So having over-explained the piecemeal blog this week I will post the shortened sheet of questions :
“all of you … should know
that it was in the name of Jesus Christ the Nazorean
whom you crucified, whom God raised from the dead;
in his name this man stands before you healed.
He is the stone rejected by you, the builders,
which has become the cornerstone.”
What might we have rejected, that in fact contains God’s grace and God’s word to us? How do we overcome our prejudices and our need to draw lines to find Jesus in the “stone rejected”?
“There is no salvation through anyone else,
nor is there any other name under heaven
given to the human race by which we are to be saved.”
Given this sort of statement, how do we work with other faiths in the world? If Jesus is the “only name” then what is his relationship to other faiths? How do we avoid having a colonising attitude to others?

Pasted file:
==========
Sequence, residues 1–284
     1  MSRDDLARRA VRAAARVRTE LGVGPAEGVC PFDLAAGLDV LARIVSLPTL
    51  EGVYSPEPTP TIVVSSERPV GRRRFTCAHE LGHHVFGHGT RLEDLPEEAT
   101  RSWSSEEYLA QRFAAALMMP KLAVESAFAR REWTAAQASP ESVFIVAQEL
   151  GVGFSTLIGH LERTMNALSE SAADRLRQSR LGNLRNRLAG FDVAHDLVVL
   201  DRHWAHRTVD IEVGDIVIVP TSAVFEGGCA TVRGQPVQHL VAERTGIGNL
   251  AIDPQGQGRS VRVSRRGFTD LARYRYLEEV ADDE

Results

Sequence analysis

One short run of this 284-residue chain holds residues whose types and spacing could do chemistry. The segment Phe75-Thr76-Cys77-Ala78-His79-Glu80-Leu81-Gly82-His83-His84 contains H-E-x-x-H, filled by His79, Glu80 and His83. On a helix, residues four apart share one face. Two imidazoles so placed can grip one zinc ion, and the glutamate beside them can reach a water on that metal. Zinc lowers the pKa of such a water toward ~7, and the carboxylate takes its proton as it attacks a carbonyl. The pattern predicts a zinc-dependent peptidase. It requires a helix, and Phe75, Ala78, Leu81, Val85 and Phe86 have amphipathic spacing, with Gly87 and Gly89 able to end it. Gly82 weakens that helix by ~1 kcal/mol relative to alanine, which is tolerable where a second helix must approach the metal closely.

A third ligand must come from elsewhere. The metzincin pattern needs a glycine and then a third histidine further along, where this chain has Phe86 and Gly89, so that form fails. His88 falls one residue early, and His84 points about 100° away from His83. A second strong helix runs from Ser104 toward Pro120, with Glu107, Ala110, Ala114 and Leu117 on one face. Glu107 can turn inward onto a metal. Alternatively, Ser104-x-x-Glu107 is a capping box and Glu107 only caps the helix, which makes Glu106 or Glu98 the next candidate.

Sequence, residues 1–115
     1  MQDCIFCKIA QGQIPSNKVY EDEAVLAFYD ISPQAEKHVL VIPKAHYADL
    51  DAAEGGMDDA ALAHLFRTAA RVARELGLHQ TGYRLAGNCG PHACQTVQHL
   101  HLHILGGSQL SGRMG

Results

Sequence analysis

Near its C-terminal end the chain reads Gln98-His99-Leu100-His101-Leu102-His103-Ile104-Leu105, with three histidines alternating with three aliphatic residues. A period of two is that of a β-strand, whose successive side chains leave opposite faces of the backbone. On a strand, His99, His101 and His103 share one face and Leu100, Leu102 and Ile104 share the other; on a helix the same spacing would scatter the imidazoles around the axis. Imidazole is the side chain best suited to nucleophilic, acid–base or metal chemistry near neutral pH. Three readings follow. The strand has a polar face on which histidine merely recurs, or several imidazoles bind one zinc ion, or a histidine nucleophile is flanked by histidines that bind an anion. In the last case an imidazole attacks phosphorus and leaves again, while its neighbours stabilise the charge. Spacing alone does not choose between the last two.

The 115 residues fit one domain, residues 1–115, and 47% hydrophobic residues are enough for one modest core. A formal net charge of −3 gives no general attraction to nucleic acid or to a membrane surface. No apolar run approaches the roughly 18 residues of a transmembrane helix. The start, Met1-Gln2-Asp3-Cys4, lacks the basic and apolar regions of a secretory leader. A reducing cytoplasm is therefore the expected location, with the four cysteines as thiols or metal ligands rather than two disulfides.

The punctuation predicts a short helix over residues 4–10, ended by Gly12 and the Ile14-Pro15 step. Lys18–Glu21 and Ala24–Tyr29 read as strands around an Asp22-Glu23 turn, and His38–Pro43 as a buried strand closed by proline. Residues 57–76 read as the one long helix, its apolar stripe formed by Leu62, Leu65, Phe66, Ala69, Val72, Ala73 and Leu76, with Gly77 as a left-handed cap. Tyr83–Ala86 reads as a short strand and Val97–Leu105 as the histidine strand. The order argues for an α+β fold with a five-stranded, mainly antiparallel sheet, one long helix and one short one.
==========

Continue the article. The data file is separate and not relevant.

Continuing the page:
I have other sheep that do not belong to this fold.
These also I must lead, and they will hear my voice,
and there will be one flock, one shepherd.”
How to work toward this with respect not chauvinism? How to achieve unity without erasing culture and diversity? Science and creation tell us that diversity is a good thing- let us reflect on the difference between “unity” as control and true unity based on trust and connection.
“what we shall be has not yet been revealed.
We do know that when it is revealed we shall be like him,
for we shall see him as he is.”
Sit with the mystery and the potential and resist the temptation to formulate answers. We shall be more…
Those were the shortened set of questions. If anyone is curious as to the other questions comment and I will post them as a reply.
I would also like to share my penetential rite and collect.
God of all kindness, when at times we are heartsore, apathetic, rudderless, downcast, empty, defensive, lonely or hungry.
Teach us to take refuge only in you.
If when we look at our neighbour and we see difference, folly, laziness, lack of worth, overwhelming need or shallowness,
show us that what we reject has worth to your better way of seeing.